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How To Stop Texting and Driving and Keep Your Family Safe

Texting while driving increases the risk of a vehicle accident by 2,300 percent, according to national transportation experts, yet more and more people continue this dangerous practice.

The percentage of drivers who text messaged or used their mobile devices while driving went up dramatically, from 0.6 percent in 2009 to 0.9 percent to 2010, according to the National Highway Traffic Safety Administration. In fact, more than 3,000 people died in vehicle accidents in 2010 due to drivers who were texting, using their cell phone or were otherwise distracted.

Distractions while driving include talking to other passengers, eating and changing the radio, but reading or writing text messages is especially dangerous. Other startling statistics include:

  • Drivers using their smart phones or other devices are four times more likely to be in an accident and injure themselves or others.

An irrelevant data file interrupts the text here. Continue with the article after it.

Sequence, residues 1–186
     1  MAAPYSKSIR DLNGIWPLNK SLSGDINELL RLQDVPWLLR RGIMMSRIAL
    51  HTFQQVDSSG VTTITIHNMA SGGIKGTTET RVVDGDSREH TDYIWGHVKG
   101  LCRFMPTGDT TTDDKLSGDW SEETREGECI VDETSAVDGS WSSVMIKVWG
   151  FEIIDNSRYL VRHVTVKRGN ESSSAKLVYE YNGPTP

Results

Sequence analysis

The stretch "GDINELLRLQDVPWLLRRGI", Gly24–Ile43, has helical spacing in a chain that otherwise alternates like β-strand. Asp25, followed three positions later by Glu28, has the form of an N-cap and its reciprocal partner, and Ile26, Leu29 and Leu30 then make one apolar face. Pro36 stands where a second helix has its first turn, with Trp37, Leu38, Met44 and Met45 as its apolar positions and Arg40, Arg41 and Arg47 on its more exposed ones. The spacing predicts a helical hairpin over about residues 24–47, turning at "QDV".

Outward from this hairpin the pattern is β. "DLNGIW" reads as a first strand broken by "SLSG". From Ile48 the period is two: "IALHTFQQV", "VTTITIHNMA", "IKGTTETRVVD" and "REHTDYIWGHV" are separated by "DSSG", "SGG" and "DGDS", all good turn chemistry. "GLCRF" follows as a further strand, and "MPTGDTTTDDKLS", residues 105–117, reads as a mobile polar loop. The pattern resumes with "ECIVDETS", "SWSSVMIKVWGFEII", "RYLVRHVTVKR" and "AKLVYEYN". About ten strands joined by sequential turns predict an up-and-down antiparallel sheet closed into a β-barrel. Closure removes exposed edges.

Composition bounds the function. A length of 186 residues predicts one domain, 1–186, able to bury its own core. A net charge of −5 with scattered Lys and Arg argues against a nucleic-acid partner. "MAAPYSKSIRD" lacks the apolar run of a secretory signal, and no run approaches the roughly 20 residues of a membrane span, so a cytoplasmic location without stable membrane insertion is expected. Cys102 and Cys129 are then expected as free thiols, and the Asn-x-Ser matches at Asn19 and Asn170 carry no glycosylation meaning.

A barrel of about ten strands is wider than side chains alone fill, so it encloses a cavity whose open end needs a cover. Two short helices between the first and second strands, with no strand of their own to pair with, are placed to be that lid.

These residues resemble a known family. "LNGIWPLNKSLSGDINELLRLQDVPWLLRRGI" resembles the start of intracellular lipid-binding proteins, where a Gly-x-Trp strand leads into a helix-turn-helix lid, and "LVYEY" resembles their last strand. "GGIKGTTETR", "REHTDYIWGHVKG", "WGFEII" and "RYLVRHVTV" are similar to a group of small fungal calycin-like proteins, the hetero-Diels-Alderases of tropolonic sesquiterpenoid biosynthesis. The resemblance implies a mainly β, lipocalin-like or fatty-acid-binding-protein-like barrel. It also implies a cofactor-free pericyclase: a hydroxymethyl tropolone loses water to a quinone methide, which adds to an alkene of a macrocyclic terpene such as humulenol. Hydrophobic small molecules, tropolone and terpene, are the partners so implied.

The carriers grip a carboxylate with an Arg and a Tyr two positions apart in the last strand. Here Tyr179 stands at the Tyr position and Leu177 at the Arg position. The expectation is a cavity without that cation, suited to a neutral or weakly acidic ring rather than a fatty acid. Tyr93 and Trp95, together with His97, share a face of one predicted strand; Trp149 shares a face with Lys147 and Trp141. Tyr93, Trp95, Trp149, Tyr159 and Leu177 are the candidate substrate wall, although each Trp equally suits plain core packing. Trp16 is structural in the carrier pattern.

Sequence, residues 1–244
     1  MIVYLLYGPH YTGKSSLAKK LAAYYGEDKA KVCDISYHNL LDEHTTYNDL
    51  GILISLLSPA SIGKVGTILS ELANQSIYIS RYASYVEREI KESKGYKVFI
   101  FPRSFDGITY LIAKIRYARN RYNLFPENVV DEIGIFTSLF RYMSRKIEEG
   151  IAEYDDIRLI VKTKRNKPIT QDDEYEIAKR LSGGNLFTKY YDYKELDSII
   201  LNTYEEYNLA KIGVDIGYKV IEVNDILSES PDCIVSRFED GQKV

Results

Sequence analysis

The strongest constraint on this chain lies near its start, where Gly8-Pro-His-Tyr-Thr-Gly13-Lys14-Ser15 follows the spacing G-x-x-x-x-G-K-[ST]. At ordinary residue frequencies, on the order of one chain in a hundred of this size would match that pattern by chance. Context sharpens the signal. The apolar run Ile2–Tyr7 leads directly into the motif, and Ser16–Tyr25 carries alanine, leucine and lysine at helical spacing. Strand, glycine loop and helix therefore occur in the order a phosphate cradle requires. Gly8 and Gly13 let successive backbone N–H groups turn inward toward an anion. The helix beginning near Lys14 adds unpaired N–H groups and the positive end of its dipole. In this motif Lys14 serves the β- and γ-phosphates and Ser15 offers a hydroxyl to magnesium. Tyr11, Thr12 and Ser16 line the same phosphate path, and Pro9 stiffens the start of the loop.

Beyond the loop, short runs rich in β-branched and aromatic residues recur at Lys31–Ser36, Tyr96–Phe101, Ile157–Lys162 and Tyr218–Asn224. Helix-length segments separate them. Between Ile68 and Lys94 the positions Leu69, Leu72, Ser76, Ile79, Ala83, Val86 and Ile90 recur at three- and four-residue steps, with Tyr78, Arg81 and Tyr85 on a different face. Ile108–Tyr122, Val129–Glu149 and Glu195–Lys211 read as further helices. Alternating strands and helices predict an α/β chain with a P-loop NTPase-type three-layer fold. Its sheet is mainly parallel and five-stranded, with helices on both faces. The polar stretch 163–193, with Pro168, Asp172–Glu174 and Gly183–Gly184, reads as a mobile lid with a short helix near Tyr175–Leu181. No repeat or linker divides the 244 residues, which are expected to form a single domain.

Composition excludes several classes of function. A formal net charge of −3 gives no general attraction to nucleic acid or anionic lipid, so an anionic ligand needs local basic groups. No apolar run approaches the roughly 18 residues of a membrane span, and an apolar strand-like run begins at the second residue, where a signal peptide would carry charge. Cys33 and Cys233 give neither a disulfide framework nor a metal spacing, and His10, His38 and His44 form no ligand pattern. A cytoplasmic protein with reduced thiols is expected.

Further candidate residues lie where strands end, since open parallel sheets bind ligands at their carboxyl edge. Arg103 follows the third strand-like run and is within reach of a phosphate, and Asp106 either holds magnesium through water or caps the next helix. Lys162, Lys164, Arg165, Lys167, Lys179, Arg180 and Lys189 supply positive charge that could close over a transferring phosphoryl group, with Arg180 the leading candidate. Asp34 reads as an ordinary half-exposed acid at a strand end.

• Driving while using a cell phone is like having a blood alcohol concentration level of .08 percent, the legal limit in most states.
  • Using a cell phone while driving can reduce the brain activity needed for driving by 37 percent.

To help you break your cell phone habit while driving, experts recommend the following safety tips:

  • Turn off your phone before driving, or store it somewhere out of reach.
  • Ask a passenger to answer your calls or messages.
  • If you have an urgent call you need to take, pull off the road and find a safe place to park before using your phone.
  • Designate a copilot in your vehicle to help you use any electronics, your navigation system or the radio.

With vehicle accidents being the leading cause of death for teens in the United States, parents and guardians should talk about the dangers of distracted driving with their young drivers. Statistics show 16 percent of young drivers in fatal accidents were driving distracted.

To help reduce the risk of distracted driving in the family, parents should first set a good example by refusing to drive distracted. Other suggestions include:

  • Make a commitment that no family member or friends will drive and use their cell phone of smart phone at the same time.
  • Establish consequences for not following these rules and stick to them.
  • Speak up and give a reminder of the rules if the driver is using a cell phone.
  • Know your state’s cell phone laws and make sure your children know them, too.

For more on traffic safety, see the library of articles by Daytona Beach car accident attorney.

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